From Writers Helping Writers:
Before Your Edit
1. Agreements about the business details of your project protect you both. An agreement needn’t be a formal printed contract signed in person; an email constitutes a legal agreement. The agreement should define the scope of work, start and finish dates and other relevant deadlines, total cost and payment schedule, and a clear explanation of what happens if either party cancels or breaches the agreement.
2. New writers often mistakenly believe they need a nondisclosure agreement (NDA) to protect their material. Your work is legally copyrighted the moment you commit it to print, making NDAs cumbersome, unnecessary, and often a sign of professional mistrust.
3. Most editors require a deposit to get your book on their calendar, customarily ranging from a flat fee of $100 or more to the first half of the total fee. You can expect to pay your total editing bill in full before the editor releases the edited manuscript.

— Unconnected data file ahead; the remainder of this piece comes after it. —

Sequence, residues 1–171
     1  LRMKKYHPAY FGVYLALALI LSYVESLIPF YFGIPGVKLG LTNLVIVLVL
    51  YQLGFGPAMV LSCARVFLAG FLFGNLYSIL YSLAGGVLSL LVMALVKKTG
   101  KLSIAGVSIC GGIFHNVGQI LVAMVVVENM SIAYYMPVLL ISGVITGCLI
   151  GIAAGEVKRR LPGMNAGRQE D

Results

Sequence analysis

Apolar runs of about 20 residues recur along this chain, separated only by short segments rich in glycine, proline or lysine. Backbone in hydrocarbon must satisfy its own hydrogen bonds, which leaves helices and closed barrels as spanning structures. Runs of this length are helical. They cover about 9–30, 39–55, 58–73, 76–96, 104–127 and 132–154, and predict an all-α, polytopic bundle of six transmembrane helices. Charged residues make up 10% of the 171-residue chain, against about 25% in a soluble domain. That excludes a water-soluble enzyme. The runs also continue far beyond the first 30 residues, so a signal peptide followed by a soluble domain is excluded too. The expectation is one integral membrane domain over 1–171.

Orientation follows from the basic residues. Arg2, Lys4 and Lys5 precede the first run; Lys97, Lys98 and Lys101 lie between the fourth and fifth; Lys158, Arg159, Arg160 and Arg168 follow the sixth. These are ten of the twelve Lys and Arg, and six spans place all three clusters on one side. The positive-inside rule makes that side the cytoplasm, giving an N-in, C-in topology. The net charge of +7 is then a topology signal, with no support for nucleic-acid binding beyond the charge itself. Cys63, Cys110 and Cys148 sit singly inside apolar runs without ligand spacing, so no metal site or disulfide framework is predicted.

4. If you can’t or don’t want to use your editor’s preferred payment method, aren’t located in the same country as they are, or prefer a slow payment method like personal checks, ask if your choice will create any issues. Allow enough time to process payments without holding up the project.
5. Missing your editing date by even a day or two could leave your manuscript without time to fit into its scheduled slot, if the deadline is tight or your editor is busy. Communicate as soon as you suspect you may have a problem hitting your scheduled editing date.
6. The time it takes to edit a manuscript varies widely, depending on your manuscript’s needs, the type of editing, and the editor’s schedule and work practices. Developmental editing usually takes the longest. Line editing is slower than copyediting, and proofreading is the fastest editing service.
If there were such a thing as a typical editing rate among all these levels of service, it might run from 20,000 to 35,000 words per week. You get what you pay for. If all the editor has time for is a breakneck race through the manuscript, that’s precisely what you’ll get.
Link to the rest at Writers Helping Writers